RE-EXPLORATION AND ECONOMIC JUSTIFICATION OF A CHEST DRAINAGE PROTOCOL IMPLEMENTING ACTIVE TUBE CLEARANCE AFTER CARDIAC SURGERY
CCC ePoster Library. St-Onge S. 10/26/19; 280542; 307
Samuel St-Onge
Samuel St-Onge
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Abstract
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BACKGROUND: Appropriate evacuation of shed blood with chest tubes is a critical component of patient care after cardiac surgery as re-exploration for bleeding or tamponade is a morbid, lethal and costly complication. Drainage protocols involving extended drainage duration, specific placement of silastic drains or prevention of intraluminal clogging have all exhibited the potential to reduce the need for re-exploration. This sub-study from a larger randomized investigation is aimed towards exploring the risk factors and impacts of re-exploration, while also determining whether the implementation of active chest tube clearing devices is economically justified.

METHODS AND RESULTS: Data from the 490 patients included in the analysis by intention-to-treat of our pragmatic, single-blinded, parallel randomized control trial comparing a chest drainage strategy using active tube clearance (ATC) at the bedside to standard management after cardiac surgery in two centers affiliated to the Université de Montréal School of Medicine, were used. The 18 patients who required re-exploration for bleeding or tamponade were compared with the ones who did not experience such complication through univariate analysis (chi-square, Fischer exact, t-test and Mann-Whitney U tests were used appropriately). A cost-benefit analysis was also conducted. Patients who required re-exploration presented more preoperative pulmonary hypertension (33% vs 9%, P = 0.01) and higher EuroScore II (3.54 ± 3.55% vs 2.30 ± 2.28%, P = 0.03). Mitral valve replacements or repairs (11% vs 2%, P = 0.02) and aortic surgeries (11% vs 1%, P = 0.02) were more frequent in the re-exploration group. The incidence of POAF (83% vs 34%, P < 0.001) and allogenic blood products transfusion (89% vs 32%, P < 0.001) were higher in the re-exploration group. Re-exploration was associated with significantly greater in-hospital mortality (22% vs 1%, P < 0.001), increased rate of acute renal failure and cardiac arrest, and longer ventilation time, intensive care unit time and hospital length of stay. In our randomized controlled trial, ATC was associated with a significant reduction in re-exploration, with a Number Needed to Treat of 25. The cost-benefit analysis, based on mean local incremental costs per major complication, which includes re-exploration, revealed savings of ~240$ per patients by systematically using ATC.

CONCLUSION: Re-exploration after cardiac surgery is associated with significantly worse outcomes and potentially lethal complications. While determining which patient will require re-exploration after cardiac surgery may be delicate, the implementation of a drainage strategy using ATC could represent an efficient and cost-effective preventative strategy.
BACKGROUND: Appropriate evacuation of shed blood with chest tubes is a critical component of patient care after cardiac surgery as re-exploration for bleeding or tamponade is a morbid, lethal and costly complication. Drainage protocols involving extended drainage duration, specific placement of silastic drains or prevention of intraluminal clogging have all exhibited the potential to reduce the need for re-exploration. This sub-study from a larger randomized investigation is aimed towards exploring the risk factors and impacts of re-exploration, while also determining whether the implementation of active chest tube clearing devices is economically justified.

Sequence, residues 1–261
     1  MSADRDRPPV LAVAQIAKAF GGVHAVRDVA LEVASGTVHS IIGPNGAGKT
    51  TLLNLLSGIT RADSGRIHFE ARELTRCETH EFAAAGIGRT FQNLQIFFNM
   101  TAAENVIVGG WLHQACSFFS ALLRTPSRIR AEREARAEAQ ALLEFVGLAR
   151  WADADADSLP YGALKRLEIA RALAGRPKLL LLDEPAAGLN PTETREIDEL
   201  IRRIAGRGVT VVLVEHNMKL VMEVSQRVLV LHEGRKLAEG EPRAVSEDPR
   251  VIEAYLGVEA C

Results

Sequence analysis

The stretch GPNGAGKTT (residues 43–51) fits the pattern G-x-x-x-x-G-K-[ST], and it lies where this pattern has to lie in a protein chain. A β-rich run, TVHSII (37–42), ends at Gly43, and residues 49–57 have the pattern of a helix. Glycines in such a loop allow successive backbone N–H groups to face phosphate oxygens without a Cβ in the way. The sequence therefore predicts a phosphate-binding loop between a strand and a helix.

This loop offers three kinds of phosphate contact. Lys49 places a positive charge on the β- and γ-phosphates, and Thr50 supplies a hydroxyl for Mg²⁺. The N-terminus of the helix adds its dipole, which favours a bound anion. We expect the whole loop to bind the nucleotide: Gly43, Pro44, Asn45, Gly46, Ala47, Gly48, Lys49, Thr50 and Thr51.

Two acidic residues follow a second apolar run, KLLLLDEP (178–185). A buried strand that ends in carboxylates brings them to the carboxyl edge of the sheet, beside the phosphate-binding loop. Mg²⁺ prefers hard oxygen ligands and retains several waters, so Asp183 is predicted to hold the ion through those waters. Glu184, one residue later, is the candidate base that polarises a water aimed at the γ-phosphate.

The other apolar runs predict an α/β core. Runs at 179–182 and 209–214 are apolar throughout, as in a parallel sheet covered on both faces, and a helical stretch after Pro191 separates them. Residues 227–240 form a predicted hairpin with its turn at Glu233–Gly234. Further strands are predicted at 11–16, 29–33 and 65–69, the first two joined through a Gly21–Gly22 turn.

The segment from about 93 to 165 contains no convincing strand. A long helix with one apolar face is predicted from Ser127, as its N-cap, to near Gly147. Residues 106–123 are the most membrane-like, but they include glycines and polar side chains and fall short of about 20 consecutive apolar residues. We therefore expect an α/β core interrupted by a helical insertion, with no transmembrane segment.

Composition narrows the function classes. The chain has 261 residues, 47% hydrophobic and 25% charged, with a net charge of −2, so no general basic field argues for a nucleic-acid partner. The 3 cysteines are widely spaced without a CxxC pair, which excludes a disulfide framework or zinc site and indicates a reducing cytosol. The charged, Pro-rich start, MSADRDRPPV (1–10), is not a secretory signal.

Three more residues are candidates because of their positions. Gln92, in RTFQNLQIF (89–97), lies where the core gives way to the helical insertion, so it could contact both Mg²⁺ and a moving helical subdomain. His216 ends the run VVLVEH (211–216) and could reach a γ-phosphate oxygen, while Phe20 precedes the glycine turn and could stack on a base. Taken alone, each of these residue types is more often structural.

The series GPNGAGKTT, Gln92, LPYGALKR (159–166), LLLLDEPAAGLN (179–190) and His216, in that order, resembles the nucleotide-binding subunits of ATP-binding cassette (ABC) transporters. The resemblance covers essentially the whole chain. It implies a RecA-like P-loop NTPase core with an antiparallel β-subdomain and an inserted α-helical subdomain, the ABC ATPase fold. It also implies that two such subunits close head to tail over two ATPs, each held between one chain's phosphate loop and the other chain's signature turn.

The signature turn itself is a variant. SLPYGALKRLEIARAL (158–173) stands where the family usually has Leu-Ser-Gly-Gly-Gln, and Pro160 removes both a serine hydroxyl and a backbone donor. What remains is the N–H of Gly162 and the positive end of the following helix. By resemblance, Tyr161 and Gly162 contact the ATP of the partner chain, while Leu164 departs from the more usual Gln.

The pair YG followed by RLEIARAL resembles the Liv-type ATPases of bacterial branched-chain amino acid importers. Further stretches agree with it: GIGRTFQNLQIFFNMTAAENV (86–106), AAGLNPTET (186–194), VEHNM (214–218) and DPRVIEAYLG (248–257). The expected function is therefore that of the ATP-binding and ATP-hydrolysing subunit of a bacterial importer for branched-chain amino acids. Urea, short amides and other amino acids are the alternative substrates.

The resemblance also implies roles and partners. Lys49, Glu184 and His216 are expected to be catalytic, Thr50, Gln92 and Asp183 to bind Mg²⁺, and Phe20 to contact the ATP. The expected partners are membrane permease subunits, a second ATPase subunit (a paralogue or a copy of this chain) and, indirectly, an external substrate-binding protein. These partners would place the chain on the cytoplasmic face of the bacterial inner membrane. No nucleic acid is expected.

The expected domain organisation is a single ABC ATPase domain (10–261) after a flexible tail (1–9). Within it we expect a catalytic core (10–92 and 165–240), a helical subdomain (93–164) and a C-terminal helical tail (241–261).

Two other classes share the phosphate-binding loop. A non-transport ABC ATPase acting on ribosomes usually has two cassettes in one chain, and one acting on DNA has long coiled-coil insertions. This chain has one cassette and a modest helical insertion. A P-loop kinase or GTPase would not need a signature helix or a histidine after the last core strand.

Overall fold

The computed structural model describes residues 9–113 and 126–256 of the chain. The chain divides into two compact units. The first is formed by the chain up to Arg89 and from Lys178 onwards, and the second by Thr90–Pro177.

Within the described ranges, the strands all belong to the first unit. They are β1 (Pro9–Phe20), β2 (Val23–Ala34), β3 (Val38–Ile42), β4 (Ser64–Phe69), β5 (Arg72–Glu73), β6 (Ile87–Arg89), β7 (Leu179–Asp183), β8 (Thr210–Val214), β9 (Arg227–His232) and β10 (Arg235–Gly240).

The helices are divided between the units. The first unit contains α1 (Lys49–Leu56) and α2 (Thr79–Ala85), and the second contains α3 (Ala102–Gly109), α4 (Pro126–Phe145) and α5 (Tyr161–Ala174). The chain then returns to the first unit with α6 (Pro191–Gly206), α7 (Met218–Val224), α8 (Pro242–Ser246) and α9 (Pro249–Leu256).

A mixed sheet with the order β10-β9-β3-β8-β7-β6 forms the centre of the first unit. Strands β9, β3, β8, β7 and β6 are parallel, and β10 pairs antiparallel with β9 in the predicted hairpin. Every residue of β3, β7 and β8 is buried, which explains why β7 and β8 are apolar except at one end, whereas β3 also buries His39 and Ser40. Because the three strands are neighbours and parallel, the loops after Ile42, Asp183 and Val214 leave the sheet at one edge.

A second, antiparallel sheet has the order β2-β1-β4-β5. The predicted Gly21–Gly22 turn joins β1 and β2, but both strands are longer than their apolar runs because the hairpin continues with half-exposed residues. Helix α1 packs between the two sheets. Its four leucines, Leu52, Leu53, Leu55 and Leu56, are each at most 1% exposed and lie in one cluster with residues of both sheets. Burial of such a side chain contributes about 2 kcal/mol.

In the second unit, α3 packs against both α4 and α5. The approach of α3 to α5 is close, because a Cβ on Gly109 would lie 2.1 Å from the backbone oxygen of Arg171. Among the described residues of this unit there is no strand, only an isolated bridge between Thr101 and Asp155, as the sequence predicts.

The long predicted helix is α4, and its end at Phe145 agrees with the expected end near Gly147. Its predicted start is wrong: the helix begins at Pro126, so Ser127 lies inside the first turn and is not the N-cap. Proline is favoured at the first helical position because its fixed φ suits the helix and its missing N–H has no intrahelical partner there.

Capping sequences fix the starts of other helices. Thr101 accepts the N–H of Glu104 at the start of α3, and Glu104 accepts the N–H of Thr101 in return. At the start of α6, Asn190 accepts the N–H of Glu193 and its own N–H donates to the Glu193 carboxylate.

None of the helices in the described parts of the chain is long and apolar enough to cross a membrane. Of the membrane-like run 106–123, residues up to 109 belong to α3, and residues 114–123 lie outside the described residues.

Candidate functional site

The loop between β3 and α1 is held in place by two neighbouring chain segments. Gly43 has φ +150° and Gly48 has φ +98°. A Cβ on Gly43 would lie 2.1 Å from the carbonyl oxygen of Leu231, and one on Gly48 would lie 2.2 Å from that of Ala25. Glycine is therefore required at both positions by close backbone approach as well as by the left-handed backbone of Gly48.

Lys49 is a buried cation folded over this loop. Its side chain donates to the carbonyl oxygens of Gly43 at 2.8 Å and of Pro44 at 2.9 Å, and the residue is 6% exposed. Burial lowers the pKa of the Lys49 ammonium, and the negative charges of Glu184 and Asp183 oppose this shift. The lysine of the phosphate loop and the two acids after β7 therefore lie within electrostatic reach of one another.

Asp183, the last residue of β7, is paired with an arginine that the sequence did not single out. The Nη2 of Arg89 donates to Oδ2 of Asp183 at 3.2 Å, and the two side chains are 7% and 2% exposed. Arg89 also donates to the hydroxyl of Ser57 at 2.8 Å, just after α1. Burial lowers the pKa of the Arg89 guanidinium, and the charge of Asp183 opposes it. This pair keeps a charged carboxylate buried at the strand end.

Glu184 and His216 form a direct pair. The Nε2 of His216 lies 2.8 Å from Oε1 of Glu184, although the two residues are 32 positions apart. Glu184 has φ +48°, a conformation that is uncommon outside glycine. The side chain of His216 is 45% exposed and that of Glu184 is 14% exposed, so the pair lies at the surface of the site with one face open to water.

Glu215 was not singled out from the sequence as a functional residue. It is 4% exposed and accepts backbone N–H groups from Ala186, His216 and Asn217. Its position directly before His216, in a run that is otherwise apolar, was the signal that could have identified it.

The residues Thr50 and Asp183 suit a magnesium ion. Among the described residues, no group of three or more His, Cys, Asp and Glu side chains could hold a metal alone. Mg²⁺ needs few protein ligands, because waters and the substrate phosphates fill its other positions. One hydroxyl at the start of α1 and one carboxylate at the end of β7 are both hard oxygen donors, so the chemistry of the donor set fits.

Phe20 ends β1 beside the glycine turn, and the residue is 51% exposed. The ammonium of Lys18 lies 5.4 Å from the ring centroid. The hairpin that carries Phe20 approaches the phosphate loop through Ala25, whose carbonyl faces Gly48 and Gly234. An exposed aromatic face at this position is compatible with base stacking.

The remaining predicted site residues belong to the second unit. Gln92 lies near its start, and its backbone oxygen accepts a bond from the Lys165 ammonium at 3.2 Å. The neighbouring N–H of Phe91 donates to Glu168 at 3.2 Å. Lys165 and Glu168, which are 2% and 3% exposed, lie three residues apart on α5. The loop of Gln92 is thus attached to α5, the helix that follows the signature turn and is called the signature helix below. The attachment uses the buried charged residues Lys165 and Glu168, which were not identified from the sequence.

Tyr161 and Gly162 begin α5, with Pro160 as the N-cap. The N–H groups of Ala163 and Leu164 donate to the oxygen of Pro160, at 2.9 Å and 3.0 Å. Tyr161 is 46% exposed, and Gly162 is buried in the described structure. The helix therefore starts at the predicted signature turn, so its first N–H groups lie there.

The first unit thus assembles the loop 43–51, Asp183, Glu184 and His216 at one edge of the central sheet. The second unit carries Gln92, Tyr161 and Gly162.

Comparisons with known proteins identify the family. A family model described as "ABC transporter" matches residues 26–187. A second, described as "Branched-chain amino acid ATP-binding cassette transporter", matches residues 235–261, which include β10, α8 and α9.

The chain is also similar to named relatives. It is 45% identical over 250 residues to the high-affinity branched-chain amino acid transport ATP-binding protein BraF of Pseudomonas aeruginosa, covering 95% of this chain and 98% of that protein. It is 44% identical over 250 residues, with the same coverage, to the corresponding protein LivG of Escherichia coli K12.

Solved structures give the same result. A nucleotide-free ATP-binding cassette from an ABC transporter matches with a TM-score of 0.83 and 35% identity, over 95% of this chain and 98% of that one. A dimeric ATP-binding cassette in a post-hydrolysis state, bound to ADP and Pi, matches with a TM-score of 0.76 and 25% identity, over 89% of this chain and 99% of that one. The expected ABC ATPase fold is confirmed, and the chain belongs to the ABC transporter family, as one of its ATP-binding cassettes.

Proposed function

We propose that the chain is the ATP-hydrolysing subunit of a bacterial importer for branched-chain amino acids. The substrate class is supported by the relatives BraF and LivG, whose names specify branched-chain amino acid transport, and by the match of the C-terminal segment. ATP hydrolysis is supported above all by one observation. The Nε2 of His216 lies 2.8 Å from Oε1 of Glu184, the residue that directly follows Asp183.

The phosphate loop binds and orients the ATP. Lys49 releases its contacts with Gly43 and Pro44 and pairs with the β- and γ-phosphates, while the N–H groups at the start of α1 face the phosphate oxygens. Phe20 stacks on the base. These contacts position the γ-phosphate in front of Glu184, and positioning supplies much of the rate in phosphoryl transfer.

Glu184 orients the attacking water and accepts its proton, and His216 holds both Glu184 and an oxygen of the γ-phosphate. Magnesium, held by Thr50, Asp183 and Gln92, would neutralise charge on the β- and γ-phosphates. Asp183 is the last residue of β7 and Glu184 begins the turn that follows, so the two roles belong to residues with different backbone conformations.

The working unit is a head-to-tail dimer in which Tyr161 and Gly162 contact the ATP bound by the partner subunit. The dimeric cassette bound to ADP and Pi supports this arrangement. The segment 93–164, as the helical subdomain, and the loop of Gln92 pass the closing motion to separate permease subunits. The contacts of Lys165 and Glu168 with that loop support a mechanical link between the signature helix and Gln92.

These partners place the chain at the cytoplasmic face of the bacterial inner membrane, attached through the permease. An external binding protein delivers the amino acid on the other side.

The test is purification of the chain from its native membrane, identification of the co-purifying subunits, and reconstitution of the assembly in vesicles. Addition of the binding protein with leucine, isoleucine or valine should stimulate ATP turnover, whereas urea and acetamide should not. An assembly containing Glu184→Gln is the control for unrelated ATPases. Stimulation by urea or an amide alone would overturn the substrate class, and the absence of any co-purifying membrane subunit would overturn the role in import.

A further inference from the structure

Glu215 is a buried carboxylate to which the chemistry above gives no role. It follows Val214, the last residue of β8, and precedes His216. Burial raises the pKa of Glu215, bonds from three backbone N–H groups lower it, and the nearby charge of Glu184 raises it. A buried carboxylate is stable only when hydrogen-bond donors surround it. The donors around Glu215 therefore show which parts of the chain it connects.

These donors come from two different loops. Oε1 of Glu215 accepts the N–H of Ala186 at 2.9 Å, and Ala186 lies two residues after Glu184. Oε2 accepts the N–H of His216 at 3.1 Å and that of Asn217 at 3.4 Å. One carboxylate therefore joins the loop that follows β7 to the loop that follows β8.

METHODS AND RESULTS: Data from the 490 patients included in the analysis by intention-to-treat of our pragmatic, single-blinded, parallel randomized control trial comparing a chest drainage strategy using active tube clearance (ATC) at the bedside to standard management after cardiac surgery in two centers affiliated to the Université de Montréal School of Medicine, were used. The 18 patients who required re-exploration for bleeding or tamponade were compared with the ones who did not experience such complication through univariate analysis (chi-square, Fischer exact, t-test and Mann-Whitney U tests were used appropriately). A cost-benefit analysis was also conducted. Patients who required re-exploration presented more preoperative pulmonary hypertension (33% vs 9%, P = 0.01) and higher EuroScore II (3.54 ± 3.55% vs 2.30 ± 2.28%, P = 0.03). Mitral valve replacements or repairs (11% vs 2%, P = 0.02) and aortic surgeries (11% vs 1%, P = 0.02) were more frequent in the re-exploration group. The incidence of POAF (83% vs 34%, P < 0.001) and allogenic blood products transfusion (89% vs 32%, P < 0.001) were higher in the re-exploration group. Re-exploration was associated with significantly greater in-hospital mortality (22% vs 1%, P < 0.001), increased rate of acute renal failure and cardiac arrest, and longer ventilation time, intensive care unit time and hospital length of stay. In our randomized controlled trial, ATC was associated with a significant reduction in re-exploration, with a Number Needed to Treat of 25. The cost-benefit analysis, based on mean local incremental costs per major complication, which includes re-exploration, revealed savings of ~240$ per patients by systematically using ATC.

CONCLUSION: Re-exploration after cardiac surgery is associated with significantly worse outcomes and potentially lethal complications. While determining which patient will require re-exploration after cardiac surgery may be delicate, the implementation of a drainage strategy using ATC could represent an efficient and cost-effective preventative strategy.
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